Nov 222019
 

Full Albums features covers of every track off a classic album. Got an idea for a future pick? Leave a note in the comments!

I should probably start this with a pop music true confession: the first Joni Mitchell album I ever bought and listened to in full was 1974’s Court And Spark, and the sole reason I purchased it was because I’d heard Prince, whom I was obsessed with (this was the early ’80s), say that he loved it and thought she was a genius (or something to that effect). Basically, if the person who made my #1 favorite album (Purple Rain) with my # 1 favorite song (“I Would Die 4 U”) loved her, there had to be a reason, and I needed to know what that reason was. I bought the album, and by the time I’d finished playing it, like most humans upon exposure to Joni, I’d been transformed into a complete devotee, snarfing up every album and playing them endlessly forever. That Prince, he knew what he was talking about.
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Nov 012019
 

Check out the best covers of past months here.

best cover songs october 2019
Angie McMahon – Knowing Me, Knowing You (ABBA cover)

It comes too late for our Best ABBA Covers countdown, but Angie McMahon’s low-simmer version of “Knowing Me, Knowing You” would make a worthy addition. Though it comes coated in a layer of rock grit, the band’s vocal harmonies stand up to the Swedes. And just wait for Angie McMahon’s cover-closing holler. Continue reading »

Oct 102019
 
lana del rey for free

Lana Del Rey has been one of the most polarizing artists in the 21st century pop world. Questions of authenticity have dogged her for her entire career, from criticisms of her so called adopted persona to her supposed affections supporting it. Every move has been ripe for attack. Criticism has often come wrapped in a thin veil of sexism; the fact is, her career blueprint is not much different from that of David Bowie’s. He was as calculated and theatrical in regards to his persona and product as they come, but the credibility of the music he produced was never in question.

The latest Del Rey album, Norman Fucking Rockwell! is not the work of a persona or a character; it is an open, brazen modern day love letter to the classically cynical, gorgeous California pop of the ’70s. Gone are the echo laden, girl group, Blue Velvet vibes that personified her previous recordings, Del Rey instead meshes lyrically caustic, in your face vocals with memorable melodies resting somewhere between post Pet Sounds-era Beach Boys and early ’70’s Joni Mitchell and wears her passion for these sounds on her sleeve. Prince once said when it came to making music, he would look at what his contemporaries were doing and go the other way. Del Rey is going the other way. Continue reading »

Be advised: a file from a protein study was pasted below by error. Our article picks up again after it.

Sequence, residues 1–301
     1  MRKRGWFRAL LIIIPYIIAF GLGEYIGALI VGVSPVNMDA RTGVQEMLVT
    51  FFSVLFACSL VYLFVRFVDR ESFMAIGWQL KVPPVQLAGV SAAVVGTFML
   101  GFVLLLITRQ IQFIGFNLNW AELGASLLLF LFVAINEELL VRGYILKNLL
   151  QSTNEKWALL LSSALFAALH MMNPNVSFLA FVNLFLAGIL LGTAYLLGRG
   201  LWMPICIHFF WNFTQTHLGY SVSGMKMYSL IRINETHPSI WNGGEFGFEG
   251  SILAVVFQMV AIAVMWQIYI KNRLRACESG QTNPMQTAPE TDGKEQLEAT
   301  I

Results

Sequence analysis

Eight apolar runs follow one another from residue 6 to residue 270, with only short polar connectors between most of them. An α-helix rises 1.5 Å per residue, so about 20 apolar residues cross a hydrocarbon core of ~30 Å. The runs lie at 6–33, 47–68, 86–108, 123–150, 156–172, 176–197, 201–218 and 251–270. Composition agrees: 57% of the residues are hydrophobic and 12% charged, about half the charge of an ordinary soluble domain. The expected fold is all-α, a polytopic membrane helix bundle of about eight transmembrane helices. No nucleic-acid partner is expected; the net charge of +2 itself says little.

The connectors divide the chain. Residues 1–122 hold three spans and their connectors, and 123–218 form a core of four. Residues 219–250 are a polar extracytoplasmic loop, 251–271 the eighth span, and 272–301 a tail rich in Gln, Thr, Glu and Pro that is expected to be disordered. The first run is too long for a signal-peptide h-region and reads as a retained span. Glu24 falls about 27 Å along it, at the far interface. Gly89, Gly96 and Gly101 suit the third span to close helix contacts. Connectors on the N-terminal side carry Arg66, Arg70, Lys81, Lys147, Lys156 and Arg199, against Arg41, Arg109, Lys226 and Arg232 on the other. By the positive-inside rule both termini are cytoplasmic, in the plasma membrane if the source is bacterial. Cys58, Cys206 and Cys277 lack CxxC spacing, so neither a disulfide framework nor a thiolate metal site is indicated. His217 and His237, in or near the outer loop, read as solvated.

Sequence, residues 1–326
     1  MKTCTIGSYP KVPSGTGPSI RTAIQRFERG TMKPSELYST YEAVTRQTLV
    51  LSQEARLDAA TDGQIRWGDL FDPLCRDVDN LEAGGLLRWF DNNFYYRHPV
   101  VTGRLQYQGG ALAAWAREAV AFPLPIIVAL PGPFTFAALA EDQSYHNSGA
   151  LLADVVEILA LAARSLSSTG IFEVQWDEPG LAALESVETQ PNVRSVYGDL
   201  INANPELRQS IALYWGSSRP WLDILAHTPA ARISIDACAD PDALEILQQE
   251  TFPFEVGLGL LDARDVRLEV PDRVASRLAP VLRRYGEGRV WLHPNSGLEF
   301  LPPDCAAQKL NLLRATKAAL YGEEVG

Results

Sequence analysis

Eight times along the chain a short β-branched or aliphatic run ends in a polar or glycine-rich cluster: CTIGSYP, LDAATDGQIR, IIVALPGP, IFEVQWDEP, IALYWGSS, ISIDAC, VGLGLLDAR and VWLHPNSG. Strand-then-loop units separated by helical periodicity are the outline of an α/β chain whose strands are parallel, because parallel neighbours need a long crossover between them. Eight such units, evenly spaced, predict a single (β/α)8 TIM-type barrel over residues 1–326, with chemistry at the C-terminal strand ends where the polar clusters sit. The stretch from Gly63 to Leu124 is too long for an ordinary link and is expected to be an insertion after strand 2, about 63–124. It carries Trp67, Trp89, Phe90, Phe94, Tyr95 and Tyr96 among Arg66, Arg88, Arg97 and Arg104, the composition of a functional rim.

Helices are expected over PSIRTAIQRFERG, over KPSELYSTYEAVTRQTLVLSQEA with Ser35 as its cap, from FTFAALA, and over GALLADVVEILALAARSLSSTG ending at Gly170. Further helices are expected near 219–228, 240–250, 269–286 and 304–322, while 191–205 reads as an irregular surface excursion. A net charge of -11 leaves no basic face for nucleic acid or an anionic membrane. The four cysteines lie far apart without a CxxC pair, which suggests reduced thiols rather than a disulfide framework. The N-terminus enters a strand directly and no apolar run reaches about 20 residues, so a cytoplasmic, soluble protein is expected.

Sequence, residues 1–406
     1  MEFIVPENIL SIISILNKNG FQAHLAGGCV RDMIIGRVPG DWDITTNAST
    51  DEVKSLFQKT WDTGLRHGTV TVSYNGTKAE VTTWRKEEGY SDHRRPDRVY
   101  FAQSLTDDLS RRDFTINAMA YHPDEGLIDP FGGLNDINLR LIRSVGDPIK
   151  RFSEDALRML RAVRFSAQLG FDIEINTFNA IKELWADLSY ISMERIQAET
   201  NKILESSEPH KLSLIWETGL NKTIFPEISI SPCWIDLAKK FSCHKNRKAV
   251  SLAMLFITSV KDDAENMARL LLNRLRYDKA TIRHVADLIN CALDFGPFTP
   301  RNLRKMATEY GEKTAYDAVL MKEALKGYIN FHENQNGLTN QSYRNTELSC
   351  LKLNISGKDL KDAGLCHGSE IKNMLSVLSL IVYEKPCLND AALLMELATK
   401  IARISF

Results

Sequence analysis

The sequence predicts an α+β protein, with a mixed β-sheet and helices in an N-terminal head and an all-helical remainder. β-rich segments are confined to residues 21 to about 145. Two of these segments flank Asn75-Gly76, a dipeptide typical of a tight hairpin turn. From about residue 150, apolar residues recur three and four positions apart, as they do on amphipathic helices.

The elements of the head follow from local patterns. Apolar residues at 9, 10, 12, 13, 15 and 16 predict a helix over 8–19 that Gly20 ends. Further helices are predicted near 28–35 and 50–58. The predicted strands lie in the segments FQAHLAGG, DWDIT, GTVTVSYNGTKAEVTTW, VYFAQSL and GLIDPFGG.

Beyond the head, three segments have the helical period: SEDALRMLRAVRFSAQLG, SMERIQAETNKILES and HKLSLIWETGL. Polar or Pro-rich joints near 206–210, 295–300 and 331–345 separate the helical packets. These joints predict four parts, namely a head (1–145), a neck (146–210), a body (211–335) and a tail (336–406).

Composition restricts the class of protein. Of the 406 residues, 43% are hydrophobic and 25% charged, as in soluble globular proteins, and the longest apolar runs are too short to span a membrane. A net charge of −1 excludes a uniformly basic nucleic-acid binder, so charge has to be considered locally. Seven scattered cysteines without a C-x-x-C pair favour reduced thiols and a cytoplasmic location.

Sep 172019
 
cover songs 1969

This marks the fourth year I’ve done a big anniversary countdown (after 1996, 1987, and 1978). It also proved to be the most challenging. There were a lot of covers released in 1969. In fact, according to covers-and-samples database WhoSampled, there were more than in any of the other years we’ve done. Their database lists 3,110 covers, which is surely still a small fraction.

The reason for the cover song’s proliferation seems clear to me after going through them all: Popular bands released a lot more music back then. Aretha Franklin released two albums in 1969. So did The Byrds, Elvis Presley, Joe Cocker, Johnny Cash, Johnny Winter, and Nina Simone. Creedence Clearwater Revival and Merle Haggard released three albums apiece. James Brown topped them all with four. To get that kind of output, artists would pad their albums with covers. Every 1969 album by every artist I just mentioned includes at least one cover. Many include several. A few are all covers. It adds up.

Impressively, many of those covers reinterpreted songs that had come out within the previous year. This entire list could easily have been “Hey Jude” covers. “Wichita Lineman” and “Light My Fire” came up constantly too (the latter song slightly older, but it had hit the charts again in 1968). Even songs from 1968’s soundtrack to Hair got covered endlessly in 1969.